It feels like we’re reaching that tipping point where the conversation is starting to tilt away from “build” in the majority of cases, towards buy. The true value will come from stitching together all the ‘buys’ into one central view in house, and providing that truly unique analysis and holistic view of all the data sets and insights together.

Perhaps the conversation will evolve to “buy, then build.”

Blair Livingston
Street Contxt

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Your Content Strategy in Banking – A Practical Guide

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Just before the holiday, I put out a piece titled “Building a brand in banking” and it got a lot of really positive feedback. I had several follow up conversations about how content is being leveraged (increasingly in banking), the value of that content, and what firms were getting out of it – specifically, how did they measure or think about ROI? Many of the conversations started at a high level, but at some point we got to the “okay, so how do I implement this with my banking team?” I realized more and more that people were asking me for a somewhat tactical guide, and based on the number of times I was asked, I figured – why not write one?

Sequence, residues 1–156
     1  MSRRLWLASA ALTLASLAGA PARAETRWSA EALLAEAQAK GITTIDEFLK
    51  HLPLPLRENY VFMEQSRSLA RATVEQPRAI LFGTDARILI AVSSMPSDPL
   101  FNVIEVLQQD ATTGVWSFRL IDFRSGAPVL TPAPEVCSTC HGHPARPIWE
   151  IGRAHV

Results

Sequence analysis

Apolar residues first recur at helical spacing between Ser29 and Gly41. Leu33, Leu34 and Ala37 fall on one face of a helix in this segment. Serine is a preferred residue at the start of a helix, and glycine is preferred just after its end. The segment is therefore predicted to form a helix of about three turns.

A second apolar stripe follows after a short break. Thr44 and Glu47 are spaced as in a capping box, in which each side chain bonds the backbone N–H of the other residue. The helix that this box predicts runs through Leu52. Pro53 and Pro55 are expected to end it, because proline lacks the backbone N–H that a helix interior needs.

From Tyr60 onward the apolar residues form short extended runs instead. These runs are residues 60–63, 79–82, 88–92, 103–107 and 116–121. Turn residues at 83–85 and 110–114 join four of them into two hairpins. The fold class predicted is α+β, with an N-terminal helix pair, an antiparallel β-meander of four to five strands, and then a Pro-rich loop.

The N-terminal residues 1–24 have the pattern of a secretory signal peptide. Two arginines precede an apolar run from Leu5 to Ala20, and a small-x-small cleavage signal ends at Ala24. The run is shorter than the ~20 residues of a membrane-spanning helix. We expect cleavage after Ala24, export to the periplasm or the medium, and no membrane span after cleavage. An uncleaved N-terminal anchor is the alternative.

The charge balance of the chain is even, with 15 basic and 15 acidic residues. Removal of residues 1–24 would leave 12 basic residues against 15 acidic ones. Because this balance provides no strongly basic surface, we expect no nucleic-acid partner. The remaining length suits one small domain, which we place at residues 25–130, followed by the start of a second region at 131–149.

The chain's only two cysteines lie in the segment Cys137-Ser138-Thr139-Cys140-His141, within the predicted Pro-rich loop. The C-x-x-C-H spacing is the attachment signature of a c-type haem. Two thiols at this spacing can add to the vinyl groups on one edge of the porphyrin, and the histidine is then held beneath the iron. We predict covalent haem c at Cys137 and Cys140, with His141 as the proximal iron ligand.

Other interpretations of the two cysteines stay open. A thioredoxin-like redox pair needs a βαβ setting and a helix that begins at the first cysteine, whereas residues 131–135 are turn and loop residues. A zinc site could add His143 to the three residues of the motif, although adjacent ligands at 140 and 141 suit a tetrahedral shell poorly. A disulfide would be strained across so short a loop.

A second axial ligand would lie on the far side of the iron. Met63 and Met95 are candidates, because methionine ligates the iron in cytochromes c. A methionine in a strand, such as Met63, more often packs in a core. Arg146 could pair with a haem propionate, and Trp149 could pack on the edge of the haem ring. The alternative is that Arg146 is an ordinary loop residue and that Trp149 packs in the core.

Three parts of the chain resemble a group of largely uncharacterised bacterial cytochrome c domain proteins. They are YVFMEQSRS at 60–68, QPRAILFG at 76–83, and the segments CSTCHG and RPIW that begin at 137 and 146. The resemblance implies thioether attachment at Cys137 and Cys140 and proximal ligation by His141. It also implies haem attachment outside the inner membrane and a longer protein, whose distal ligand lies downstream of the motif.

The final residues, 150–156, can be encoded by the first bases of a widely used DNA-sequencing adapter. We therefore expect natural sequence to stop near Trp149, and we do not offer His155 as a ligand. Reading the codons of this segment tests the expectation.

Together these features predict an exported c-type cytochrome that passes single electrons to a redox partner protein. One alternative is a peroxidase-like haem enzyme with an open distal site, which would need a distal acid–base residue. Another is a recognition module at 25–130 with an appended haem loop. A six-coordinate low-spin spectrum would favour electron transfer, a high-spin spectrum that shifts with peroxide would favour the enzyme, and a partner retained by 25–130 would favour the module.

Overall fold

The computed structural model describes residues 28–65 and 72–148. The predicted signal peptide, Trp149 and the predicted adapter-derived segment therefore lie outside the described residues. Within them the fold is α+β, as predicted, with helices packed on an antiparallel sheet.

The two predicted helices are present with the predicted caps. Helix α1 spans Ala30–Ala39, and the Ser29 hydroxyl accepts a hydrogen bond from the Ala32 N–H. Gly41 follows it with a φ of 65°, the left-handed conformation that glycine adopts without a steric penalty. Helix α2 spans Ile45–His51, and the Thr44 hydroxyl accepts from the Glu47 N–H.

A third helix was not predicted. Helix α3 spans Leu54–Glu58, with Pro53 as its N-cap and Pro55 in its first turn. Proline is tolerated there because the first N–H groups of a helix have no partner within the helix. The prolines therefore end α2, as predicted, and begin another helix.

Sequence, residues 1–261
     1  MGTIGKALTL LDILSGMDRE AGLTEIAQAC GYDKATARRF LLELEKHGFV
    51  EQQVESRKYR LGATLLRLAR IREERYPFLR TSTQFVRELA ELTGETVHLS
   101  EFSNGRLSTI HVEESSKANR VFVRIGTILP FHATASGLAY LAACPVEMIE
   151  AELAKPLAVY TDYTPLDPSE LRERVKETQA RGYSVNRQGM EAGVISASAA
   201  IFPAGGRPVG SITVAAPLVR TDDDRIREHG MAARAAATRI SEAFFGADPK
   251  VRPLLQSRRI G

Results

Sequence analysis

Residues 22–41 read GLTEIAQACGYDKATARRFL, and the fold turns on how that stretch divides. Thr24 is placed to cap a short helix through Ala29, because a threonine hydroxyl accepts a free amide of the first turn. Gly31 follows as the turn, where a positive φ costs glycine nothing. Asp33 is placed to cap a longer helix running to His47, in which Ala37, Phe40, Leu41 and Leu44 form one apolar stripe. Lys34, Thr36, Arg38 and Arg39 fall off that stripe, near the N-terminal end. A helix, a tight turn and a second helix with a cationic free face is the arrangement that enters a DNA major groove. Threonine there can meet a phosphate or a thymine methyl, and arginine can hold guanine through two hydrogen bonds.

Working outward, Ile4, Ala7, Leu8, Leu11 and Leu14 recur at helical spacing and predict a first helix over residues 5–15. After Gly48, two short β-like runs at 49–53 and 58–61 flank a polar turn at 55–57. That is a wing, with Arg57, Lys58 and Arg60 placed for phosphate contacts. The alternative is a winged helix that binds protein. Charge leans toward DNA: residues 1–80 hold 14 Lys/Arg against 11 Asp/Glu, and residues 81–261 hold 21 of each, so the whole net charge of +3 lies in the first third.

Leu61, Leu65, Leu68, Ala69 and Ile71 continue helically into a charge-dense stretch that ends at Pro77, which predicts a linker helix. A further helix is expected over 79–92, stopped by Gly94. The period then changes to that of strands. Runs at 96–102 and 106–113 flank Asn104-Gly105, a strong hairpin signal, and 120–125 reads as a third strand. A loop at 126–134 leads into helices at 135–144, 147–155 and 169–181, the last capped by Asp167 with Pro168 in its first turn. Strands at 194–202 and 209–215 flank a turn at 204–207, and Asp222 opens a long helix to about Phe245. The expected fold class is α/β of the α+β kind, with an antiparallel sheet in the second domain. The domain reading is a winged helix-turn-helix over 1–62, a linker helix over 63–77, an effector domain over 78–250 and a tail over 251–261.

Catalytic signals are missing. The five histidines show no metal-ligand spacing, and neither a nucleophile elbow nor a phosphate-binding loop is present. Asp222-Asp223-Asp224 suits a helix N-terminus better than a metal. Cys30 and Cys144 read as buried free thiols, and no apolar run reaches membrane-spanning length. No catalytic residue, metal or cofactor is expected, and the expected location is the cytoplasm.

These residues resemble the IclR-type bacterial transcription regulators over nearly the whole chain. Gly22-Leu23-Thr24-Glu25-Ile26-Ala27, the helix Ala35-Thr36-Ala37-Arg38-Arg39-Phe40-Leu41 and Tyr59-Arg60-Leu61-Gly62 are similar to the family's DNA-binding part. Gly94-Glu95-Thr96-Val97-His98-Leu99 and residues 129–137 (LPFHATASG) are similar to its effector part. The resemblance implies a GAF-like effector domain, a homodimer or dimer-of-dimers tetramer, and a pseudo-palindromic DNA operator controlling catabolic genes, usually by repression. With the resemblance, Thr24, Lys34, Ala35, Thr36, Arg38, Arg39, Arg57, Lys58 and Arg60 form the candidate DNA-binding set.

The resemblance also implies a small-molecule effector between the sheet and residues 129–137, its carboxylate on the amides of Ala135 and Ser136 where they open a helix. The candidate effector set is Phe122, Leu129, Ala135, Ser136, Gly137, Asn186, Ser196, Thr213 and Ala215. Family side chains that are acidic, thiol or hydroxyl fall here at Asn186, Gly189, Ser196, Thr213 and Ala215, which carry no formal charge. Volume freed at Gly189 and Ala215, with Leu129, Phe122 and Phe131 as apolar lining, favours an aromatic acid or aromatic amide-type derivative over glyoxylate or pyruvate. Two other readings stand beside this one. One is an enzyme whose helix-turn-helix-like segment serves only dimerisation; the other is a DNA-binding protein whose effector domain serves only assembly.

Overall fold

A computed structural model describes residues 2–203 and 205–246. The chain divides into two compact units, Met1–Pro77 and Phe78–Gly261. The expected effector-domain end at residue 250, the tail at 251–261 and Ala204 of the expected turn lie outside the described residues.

Now, before I begin, let me state that I’m not a ‘how to’ writer – this might not be perfect, but it’s simply one way I see a content strategy tactically working in banking. Additionally, it’s not just my opinion – some of the top investment banks in the world (and specifically, top banking teams at those banks) have been quietly running an astoundingly successful content strategy for years. It’s not unusual to hear that certain MD’s have distribution lists in the tens of thousands, with an individual or team who’s full time role is to manage that list, the responses, and the follow ups. It’s a powerful strategy. As one banker explained to me, “it’s a massive source of insight and business for us – it’s basically our pre-pitchbook stage”.